Joan said...

You know, AC I've often wondered if I would feel any connection in Rome...especially given my intense interest in it. Though there's not a spec of Italian in me blood.

Anna Campbell said...

AC, perhaps you're right about the greenery in Florence being a problem but then, as you say, Siena still manages to be pretty magical. I just felt Florence was pickled in formaldehye around about 1560. It was like a theme park rather than a living city to me.

More London suggestions:

Osterley Park
Ham House
Kew Gardens
Sir John Soane Museum (free)
Leighton House (seriously worth a visit - amazing Arabian Nights reception hall that I swear will take your breath away)
Syon Park
Wallace Collection
Richoux (restaurant/tea rooms on Piccadilly still with its 1910 Art Nouveau decor)
Spencer House (only open on Sundays for guided tours but the Rothschilds have restored a Regency mansion to the original glittering glory. Amazing!)

All this stuff is pretty easy to get to, AC. Hope you make some of it!

jo robertson said...

Yikes! Back to Australian county for the GR. Congrats, Helen!

AC, loved your post. I'm so jealous of your trip that I likely WILL stow away in your luggage. I've never been to Paris, boo hoo. But I have been to Scotland and I fell in love with the people and the landscape. It's the most beautiful place I've ever seen.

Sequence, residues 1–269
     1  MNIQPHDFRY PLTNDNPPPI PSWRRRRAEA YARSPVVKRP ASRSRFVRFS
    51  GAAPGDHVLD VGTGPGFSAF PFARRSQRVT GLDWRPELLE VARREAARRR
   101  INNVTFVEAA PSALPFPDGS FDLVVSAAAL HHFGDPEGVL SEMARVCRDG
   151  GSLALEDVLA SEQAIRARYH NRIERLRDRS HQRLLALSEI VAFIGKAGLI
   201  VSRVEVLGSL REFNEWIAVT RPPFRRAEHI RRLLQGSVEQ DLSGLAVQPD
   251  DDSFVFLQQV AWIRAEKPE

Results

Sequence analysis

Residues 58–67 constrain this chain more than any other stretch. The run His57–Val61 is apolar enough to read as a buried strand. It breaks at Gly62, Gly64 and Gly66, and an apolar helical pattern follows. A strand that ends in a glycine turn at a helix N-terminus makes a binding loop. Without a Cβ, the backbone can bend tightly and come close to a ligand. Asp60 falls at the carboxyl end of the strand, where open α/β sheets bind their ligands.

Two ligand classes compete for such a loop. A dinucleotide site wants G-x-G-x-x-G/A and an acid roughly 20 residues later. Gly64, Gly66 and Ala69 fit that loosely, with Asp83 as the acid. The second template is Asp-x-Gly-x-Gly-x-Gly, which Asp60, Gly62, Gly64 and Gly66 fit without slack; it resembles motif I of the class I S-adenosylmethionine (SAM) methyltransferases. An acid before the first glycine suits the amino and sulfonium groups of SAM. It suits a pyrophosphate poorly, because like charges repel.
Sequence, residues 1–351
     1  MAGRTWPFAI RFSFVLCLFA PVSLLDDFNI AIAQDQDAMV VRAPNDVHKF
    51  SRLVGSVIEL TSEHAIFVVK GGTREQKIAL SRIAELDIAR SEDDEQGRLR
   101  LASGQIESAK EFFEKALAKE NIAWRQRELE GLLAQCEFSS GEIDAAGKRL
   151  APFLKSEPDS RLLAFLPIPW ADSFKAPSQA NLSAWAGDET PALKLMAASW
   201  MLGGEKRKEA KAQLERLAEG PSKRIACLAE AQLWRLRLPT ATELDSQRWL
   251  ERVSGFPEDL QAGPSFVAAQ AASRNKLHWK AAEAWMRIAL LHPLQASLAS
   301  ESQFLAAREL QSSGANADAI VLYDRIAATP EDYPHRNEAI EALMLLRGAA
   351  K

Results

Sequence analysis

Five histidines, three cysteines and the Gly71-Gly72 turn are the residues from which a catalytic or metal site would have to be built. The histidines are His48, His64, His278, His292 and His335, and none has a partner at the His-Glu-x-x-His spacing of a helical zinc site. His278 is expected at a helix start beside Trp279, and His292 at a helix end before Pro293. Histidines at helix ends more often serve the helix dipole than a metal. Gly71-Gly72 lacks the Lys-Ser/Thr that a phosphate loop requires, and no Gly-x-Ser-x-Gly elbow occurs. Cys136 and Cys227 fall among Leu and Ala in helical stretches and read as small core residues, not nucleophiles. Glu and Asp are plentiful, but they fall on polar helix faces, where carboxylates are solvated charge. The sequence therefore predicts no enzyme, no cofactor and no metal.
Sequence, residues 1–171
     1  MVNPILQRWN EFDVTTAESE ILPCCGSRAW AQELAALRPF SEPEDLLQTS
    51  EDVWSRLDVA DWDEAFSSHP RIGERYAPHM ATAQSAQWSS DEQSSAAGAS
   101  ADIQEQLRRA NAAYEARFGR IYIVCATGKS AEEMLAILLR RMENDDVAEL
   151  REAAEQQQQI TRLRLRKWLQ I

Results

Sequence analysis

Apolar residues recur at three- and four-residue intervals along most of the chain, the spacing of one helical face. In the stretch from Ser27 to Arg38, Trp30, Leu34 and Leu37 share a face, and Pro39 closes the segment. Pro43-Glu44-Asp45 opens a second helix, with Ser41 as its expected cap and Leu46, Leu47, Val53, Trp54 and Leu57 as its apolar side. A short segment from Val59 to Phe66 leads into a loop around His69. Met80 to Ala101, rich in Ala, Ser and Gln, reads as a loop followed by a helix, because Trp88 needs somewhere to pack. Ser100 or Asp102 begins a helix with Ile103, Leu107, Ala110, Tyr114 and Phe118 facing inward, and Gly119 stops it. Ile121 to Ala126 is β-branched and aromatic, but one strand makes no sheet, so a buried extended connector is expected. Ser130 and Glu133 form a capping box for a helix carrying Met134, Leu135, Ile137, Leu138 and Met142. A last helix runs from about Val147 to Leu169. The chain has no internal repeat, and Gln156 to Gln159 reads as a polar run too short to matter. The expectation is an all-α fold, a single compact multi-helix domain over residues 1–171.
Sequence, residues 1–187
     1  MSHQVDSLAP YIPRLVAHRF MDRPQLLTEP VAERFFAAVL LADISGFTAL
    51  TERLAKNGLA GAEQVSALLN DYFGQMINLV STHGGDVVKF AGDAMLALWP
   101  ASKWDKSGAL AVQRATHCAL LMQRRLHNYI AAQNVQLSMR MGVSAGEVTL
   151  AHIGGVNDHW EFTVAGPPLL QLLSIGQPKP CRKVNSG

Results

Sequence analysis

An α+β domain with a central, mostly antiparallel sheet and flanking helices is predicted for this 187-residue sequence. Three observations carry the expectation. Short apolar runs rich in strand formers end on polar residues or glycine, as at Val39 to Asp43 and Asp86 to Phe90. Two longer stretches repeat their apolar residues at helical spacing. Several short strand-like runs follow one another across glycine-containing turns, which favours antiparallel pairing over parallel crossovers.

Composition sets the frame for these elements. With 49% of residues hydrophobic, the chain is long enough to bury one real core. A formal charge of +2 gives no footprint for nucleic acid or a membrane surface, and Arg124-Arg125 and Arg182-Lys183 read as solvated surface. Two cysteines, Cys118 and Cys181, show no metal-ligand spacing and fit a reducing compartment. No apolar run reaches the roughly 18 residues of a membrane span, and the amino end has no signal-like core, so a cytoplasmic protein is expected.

I know what you mean about places and stirring memories. My husband (who's Scottish) said he felt like he was returning to a home where he'd never been.

jo robertson said...

P226, I've been to the Sahara and it is IMPRESSIVE. Beautiful in a scary sort of way.

doglady said...

Yes, AC, Salzburg definitely makes you think you will run into Wolfie at any moment! Strolling down Getreidegasse is like stepping back through time. Oh and the pastry shops! MMMM I have not been back to the Big Easy since Katrina although I have kept in close contact with my friends down there. The city is coming back, but slowly. And yes, it does have a very European feel to it!

Cassondra said...


Actually, Scotland as a whole.

When I was in grad school I spent a summer in the UK studying the gardens (yes, grad school was for horticulture and landscape design believe it or not--I've walked all over England, Scotland and Wales).

I remember it distinctly. I was on a train headed for Scotland for the first time that summer. I didn't know we were approaching Scotland actually. I just got this strange feeling, and looked up, and plastered myself against the window of the train and stared out at the country around me. The sky was peach. Yes, peach. I've never seen the sky that color in the middle of the day anywhere else. It was incredibly beautiful. The hills were almost completely bare. In some ways it was a barren place, but yet it was green and something called to me. I felt this pull. I felt "you belong here. This is where you came from, and this is where you'll return."